anew with the middle of the third of the five stages identified by a†-
ˇùsì, with Rìzì providing examples of his own.
94
That is to say that
the missing folio probably contained a discussion of the first, second
and the beginning of the third stage of the human soul. On the
whole, Rìzì’s discussion of the stages of the soul does not depart
much from the content of a†-ˇùsì’s commentary. Rìzì does not pro-
pose a novel interpretation, but only a few explanations and examples,
which are almost always taken from a†-ˇùsì’s text. Rìzì then concludes
his discussion on ma'àd in a manner similar to Avicenna’s al-I“àràt
with a second section on the “stations of mystics” or of true seekers
of knowledge (maqàmàt-i 'àrifàn).
95
The Persian Philosophical Tradition
The comparison of a number of passages from the works of Rìzì,
Avicenna, Fa¢r ad-Dìn ar-Ràzì and Naßìr ad-Dìn a†-ˇùsì has, in
fact, demonstrated that Rìzì’s notion of ma'àd in Óayàt an-nufùs
depends on the Avicennan tradition and, more specifically, on al-
I“àràt and its well-known commentaries by ar-Ràzì and a†-ˇùsì. At
this stage, although these partial findings regarding the theory of
ma'àd cannot be generalized to the whole Óayàt an-nufùs, they clearly
show Rìzì’s debt to the Avicennan tradition with regards to his the-
ory of ma'àd, his access to Avicenna’s al-I“àràt and, more specifically,
his access to the commentaries of ar-Ràzì and a†-ˇùsì. Rìzì’s the-
ory of ma'àd does not display much of the anticipated Illuminationist
hallmark, whether in terminology or in its eschatological structure,
thus dispelling Dàni“pa≥ùh’s claim to an Illuminationist/Suhrawardian
influence. I am confident that further comparative studies of these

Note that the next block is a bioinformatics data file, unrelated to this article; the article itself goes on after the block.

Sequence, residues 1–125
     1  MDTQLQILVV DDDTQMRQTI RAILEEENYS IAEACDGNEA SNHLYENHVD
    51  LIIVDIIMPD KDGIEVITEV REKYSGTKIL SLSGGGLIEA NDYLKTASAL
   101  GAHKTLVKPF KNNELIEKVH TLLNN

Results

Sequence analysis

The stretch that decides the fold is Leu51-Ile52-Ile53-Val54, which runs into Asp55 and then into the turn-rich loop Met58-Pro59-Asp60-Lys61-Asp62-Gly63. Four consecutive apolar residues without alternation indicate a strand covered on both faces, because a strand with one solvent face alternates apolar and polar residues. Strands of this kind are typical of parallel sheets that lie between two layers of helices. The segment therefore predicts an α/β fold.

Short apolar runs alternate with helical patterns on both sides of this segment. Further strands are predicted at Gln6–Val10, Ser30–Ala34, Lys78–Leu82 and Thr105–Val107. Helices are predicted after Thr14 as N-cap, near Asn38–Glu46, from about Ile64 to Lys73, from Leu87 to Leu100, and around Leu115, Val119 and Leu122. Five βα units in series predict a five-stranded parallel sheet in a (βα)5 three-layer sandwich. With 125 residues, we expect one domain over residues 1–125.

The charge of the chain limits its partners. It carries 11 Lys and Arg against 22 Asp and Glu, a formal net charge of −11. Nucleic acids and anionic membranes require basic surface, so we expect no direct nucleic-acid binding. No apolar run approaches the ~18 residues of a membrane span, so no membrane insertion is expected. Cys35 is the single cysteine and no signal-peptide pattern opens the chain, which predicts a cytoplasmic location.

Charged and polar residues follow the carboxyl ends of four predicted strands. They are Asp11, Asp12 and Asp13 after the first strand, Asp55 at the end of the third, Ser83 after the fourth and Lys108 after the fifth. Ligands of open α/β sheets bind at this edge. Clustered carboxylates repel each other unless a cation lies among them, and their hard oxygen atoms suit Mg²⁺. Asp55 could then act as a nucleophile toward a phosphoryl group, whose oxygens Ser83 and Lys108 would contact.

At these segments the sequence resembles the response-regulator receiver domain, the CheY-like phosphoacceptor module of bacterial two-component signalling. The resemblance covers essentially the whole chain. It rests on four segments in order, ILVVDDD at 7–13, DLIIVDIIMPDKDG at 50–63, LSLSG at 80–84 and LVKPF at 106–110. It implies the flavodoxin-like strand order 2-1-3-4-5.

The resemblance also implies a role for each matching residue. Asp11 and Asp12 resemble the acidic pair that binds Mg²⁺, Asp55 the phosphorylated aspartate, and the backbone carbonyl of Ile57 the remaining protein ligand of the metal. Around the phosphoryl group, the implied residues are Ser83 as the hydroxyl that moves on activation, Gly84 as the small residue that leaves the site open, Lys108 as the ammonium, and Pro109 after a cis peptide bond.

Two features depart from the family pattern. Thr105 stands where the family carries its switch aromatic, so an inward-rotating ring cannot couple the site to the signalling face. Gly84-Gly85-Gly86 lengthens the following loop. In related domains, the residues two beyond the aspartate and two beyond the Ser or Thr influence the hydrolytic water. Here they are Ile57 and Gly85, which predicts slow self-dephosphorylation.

different works will undoubtedly yield similar results with respect to
other philosophical issues included in Óayàt an-nufùs.
nrstnnrc+iox (MA'ÀD) ix +nr rrnsi.x ÓAYÀT AN-NUFÙS 233
94
Óayàt, 500.12–21; ”ar˙ al-I“àràt, 4:41.8–45.5.
95
Óayàt, 501.8–515.2; al-I“àràt, 4:47.1–110.4; tr. Inati, 81–91.
At the outset of Óayàt an-nufùs, Rìzì remarks that he seeks to dis-
cuss and present the most complete Persian philosophical work.
96
His
remark may provide the clue to the composition of the work and
may account for the fact that Rìzì is satisfied with the insertion of
translated and paraphrased passages into Persian taken from a num-
ber of Arabic sources. In the section on ma'àd, he does this with the
Arabic works of Avicenna and Suhrawardì, as well as the Arabic
commentaries of Fa¢r ad-Dìn ar-Ràzì and Naßìr ad-Dìn a†-ˇùsì on
Avicenna’s al-I“àràt. Óayàt an-nufùs may only have been intended as
a compendium of philosophical ideas, but written in Persian. This
may account for the fact that Rìzì presents a rather classical theory
of ma'àd. It may also account for the fact that he does not appear
to be overtly concerned with originality or with the presentation of
a genuine synthesis. This is most evident in the structure of the sec-
tion on ma'àd that does not depart significantly from the presenta-
tion of al-I“àràt, with the exception of his use of a†-ˇùsì’s earlier
discussions (VIII, 8) in a later discussion (VIII, 14 and 15).
Rìzì may not have presented an original theory of ma'àd, but Óayàt
an-nufùs is an important work belonging to the Avicennan tradition.
Rìzì’s work is most probably one of the first Persian renditions of
Avicenna’s al-I“àràt and the accompanying commentaries of a†-ˇùsì’s
and ar-Ràzì’s commentary. Rìzì’s predilection and reliance on a†-
ˇùsì’s commentary should not constitute a proof that a†-ˇùsì’s com-
mentary was circulating independently of the original text of al-I“àràt;
rather, this fact may well indicate the state of the Avicennan tradi-
tion, more than two hundred years after Avicenna’s death. Avicenna’s
text was probably taught via the commentators. At this stage, it
appears that a†-ˇùsì had become the authoritative voice of the
Avicennan tradition, at least, in some philosophical circles at the end
of the thirteenth century.
One question, however, remains unanswered: How did Rìzì come
to know of a†-ˇùsì’s commentary, if we assume that Rìzì flourished